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Eur J Haematol. 2006 Dec;77(6):457-62. Epub 2006 Oct 17.

Appraisal of current vitamin K dosing algorithms for the reversal of over-anticoagulation with warfarin: the need for a more tailored dosing regimen.

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Wolfson Unit of Clinical Pharmacology, University of Newcastle upon Tyne, Newcastle upon Tyne, UK.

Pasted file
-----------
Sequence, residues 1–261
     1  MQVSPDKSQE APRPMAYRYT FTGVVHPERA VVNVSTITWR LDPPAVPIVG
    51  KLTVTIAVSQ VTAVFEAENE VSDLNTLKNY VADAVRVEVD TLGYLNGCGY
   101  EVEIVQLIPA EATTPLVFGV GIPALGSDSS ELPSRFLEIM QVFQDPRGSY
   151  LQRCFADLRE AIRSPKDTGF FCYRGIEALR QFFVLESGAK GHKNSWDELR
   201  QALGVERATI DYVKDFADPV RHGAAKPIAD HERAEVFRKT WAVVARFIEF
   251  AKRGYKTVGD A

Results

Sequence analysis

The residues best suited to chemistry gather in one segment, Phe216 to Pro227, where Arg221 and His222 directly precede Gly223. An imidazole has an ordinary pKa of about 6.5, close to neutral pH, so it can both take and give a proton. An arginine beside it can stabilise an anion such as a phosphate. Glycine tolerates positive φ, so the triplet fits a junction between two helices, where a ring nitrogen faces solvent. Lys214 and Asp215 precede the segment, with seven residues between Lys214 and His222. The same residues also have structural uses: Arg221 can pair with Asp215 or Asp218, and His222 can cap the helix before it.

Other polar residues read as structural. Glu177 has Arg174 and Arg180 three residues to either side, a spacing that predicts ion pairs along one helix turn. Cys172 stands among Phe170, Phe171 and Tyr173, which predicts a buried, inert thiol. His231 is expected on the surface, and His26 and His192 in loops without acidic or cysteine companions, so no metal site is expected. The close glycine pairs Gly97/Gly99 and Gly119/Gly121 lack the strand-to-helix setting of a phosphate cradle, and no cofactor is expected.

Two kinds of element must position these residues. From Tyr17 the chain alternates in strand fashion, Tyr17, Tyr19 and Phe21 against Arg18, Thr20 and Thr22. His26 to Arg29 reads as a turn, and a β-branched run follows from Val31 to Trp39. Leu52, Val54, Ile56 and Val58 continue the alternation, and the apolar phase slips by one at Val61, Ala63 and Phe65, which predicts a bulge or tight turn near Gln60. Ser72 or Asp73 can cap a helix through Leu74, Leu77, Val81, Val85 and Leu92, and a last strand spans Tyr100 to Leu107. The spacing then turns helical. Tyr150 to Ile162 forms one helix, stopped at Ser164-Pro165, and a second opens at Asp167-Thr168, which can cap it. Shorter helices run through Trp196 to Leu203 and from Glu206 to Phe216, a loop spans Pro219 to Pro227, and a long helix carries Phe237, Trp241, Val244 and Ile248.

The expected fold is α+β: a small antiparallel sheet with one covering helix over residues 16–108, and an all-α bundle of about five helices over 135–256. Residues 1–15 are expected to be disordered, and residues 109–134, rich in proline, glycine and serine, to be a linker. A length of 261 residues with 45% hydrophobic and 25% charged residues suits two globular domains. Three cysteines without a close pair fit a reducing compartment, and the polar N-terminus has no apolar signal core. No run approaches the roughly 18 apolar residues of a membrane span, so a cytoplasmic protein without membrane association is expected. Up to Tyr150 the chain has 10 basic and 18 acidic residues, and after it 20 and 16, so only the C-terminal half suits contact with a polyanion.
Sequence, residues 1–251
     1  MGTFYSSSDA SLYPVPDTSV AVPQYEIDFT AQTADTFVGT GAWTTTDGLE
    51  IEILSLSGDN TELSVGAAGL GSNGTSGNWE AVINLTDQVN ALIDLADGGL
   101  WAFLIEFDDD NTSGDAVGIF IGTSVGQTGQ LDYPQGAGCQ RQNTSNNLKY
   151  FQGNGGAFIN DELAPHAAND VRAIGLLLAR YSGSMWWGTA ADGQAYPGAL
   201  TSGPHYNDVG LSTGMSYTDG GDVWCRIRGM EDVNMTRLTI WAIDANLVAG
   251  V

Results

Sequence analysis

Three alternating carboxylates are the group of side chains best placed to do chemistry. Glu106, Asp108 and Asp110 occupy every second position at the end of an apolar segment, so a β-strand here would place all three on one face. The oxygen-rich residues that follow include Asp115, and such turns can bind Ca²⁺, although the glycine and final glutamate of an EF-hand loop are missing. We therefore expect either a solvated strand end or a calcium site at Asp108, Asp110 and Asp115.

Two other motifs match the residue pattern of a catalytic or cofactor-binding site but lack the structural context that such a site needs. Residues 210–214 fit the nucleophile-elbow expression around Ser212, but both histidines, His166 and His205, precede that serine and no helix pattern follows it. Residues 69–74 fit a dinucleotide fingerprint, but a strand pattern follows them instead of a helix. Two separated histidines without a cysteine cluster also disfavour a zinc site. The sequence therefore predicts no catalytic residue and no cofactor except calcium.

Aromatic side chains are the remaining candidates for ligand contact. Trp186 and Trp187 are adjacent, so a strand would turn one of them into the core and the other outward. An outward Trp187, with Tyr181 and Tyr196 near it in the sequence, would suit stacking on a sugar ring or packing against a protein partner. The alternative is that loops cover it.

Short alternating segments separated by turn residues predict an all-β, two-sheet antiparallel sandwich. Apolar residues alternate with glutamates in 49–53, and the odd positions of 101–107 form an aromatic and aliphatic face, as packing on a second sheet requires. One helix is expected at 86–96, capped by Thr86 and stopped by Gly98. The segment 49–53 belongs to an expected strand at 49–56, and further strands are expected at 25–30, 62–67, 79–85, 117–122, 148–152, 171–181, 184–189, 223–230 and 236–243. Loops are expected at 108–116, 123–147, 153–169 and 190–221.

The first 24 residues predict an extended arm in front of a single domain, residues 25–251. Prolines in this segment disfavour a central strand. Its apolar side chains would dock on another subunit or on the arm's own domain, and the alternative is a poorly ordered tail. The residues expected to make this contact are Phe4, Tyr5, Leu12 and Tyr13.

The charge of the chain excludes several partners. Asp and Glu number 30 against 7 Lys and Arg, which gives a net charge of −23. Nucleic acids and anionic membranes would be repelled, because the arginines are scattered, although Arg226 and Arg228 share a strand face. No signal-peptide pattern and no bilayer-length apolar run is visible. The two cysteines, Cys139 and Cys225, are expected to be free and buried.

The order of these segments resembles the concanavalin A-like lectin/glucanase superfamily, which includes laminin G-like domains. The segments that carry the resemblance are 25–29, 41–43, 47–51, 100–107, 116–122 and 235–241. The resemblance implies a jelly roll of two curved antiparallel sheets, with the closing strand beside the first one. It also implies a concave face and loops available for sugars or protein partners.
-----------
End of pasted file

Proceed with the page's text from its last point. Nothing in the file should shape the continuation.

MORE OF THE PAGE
Warfarin is the most commonly prescribed oral anticoagulant in the UK for the treatment and prevention of thromboembolic disorders. Vitamin K administration is an effective way of reversing excessive anticoagulation. Over-anticoagulated patients present with a wide range of international normalized ratio (INR) values and may respond differently to a fixed dose of vitamin K. Current dosing algorithms for vitamin K administration in the non-urgent treatment of over-anticoagulation do not take this variability in response into account. Consequently, over a third of over-anticoagulated patients still remain outside their target INR 24 h after treatment. Such patients are therefore prone to either haemorrhage (if the patient is still over-anticoagulated) or thromboembolism (if the INR reversal is over-corrected). A number of factors such as patient age, body weight, co-morbidity, frailty, warfarin daily dose and CYP2C9 and VKORC1 polymorphism could affect response to vitamin K and thus the rate and extent of INR reversal. There is a need for a more individualized approach to the reversal of over-anticoagulation in asymptomatic or mildly haemorrhagic patients in order to improve the safety of warfarin therapy.

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